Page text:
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Hungary lies in Central Europe, limiting north with Poland, west with Germany and Austria, south with the Mediterranean, Dalmatia, Serbia and Turkey, and west with the Black Sea, Moldavia, and Ruthenia.
The Kingdom of Hungary dates from year 1000 or 1001.
In 1419, the kingdom entered a personal union with Bohemia, inside the Holy Roman Empire.
In the 16th Century, after the fall of Belgrade to the Ottomans, Hungary begun to lost a great deal of autonomy, becoming more influenced by the Turkish than by the Germans. In subsequent wars, Hungary lost and regained Bohemia, Moldavia, Wallachia, Dalmatia, Slovenia, and Venice to the different powers until 1834, when Hungary defined most of current territories. Only small changes in the limits have been defined since then.
Hungary extends through the Hungarian plains, and down the Danube River toward the Black Sea.
Hungary also reaches the Adriatic Sea through the northern Dinaric Alps, and extends northwest through the Bohemian region.
The Danube is the most important river and the capital Pest lies besides that river. Also, most of the Carpathian Mountains are inside Hungary, as well as part of the Alps.
From the Black Sea and following up the Danube, Hungary limits south with Turkey. In the mouth of the Timok River and continuing up by the Danube, Hungary limits with Serbia. At Belgrade, the limit continues by the Sava and Una rivers, then up the Dinaric Alps, limits with Dalmatia, reaching the Adriatic sea at Jasenice.
From the Adriatic Sea and up the Adige, Hungary limits with Italy and Lombardy. At the foothills of the Alps limits with Austria following eastward through the Karawanken, an then northward to lake Neusiedl, westward through the Bohemian Forest, and again westward through the Ore Mountains. The Sudetes and the Carpathian Mountains mark the limit with Poland and Ruthenia; following then the Siret River which limits with Moldavia, reaching the Black Sea by the Chilia branch.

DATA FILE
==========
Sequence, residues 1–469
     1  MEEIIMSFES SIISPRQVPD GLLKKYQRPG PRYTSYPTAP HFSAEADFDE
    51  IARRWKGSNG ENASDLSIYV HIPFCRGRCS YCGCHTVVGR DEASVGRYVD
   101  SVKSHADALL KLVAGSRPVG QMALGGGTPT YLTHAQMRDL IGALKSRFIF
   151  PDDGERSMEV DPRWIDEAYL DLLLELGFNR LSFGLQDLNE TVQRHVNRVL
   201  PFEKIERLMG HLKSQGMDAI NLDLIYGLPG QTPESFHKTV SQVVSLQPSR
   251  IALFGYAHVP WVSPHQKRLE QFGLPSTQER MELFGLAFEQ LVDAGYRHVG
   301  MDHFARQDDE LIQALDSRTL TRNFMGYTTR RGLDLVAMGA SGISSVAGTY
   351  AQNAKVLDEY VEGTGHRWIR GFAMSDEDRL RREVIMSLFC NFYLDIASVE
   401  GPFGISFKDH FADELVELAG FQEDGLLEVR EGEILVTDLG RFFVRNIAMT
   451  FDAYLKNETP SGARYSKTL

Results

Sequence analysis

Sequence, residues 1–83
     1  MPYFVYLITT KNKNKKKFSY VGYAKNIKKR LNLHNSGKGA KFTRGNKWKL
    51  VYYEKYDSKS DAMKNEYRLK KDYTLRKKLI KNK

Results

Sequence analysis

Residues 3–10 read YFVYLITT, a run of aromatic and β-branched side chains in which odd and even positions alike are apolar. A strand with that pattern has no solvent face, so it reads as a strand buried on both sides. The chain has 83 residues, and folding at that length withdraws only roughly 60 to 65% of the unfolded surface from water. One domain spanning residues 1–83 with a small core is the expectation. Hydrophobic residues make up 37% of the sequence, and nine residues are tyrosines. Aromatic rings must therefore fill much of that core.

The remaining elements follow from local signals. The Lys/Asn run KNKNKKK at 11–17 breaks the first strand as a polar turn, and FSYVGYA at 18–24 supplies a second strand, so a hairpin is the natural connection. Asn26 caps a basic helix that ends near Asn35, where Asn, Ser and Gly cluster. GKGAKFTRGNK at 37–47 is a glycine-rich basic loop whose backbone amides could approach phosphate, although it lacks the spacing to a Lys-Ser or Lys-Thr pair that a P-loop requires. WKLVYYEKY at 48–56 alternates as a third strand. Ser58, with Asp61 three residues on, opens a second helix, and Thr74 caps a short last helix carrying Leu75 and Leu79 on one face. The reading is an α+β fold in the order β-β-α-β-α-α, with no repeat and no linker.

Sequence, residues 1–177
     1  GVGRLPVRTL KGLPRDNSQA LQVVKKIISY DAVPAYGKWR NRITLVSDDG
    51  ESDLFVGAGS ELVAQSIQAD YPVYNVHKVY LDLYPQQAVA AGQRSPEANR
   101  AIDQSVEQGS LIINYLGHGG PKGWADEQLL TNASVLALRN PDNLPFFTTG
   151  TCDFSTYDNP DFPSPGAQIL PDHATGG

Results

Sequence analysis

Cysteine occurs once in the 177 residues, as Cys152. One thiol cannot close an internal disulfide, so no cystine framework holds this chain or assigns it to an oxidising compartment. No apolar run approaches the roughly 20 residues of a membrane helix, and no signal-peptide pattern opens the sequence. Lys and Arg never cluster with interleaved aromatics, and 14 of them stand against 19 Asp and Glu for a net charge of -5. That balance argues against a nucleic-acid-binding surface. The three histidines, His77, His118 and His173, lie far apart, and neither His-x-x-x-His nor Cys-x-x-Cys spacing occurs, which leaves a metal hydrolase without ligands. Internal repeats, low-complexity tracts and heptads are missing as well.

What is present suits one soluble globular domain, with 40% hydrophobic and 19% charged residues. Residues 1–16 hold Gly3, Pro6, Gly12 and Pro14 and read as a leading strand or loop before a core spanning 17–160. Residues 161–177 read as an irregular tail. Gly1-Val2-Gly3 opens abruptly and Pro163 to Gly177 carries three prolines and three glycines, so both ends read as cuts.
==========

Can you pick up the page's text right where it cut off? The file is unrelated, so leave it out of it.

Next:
Hungary is divided in five natural and historical regions:
- The Great Hungarian Plains
- The North West
- The Carpathian Mountains
- The Lower Danube
- The Dinaric Region
Hungary is a secular, constitutional monarchy. The king has very limited political power, but has the right to block any law that he deems can damage the nation. The last time the king vetoed a law was in 1916.
Hungary is a federation, each state, usually translated as country, has a great deal of autonomy, including the right to establish a co-official language. Religious freedom is granted, but both the monarchy and the nation are consecrated to the Catholic faith. There are, however, important Orthodox, Puritan, Jewish, and Muslim populations.